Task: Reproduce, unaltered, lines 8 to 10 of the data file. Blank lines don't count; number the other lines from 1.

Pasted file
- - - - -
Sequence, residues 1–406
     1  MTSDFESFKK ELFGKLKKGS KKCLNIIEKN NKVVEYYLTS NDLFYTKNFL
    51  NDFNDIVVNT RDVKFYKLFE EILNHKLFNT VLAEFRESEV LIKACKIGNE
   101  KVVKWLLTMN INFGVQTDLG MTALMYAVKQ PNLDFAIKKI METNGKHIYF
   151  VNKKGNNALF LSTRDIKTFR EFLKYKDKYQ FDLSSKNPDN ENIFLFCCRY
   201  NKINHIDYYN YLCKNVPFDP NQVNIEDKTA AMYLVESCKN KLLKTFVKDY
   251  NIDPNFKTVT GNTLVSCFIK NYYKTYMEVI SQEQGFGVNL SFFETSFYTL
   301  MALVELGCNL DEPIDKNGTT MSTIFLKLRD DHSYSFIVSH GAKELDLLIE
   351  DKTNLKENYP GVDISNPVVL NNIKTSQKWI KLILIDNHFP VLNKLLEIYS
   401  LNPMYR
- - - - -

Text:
   301  MALVELGCNL DEPIDKNGTT MSTIFLKLRD DHSYSFIVSH GAKELDLLIE
   351  DKTNLKENYP GVDISNPVVL NNIKTSQKWI KLILIDNHFP VLNKLLEIYS
   401  LNPMYR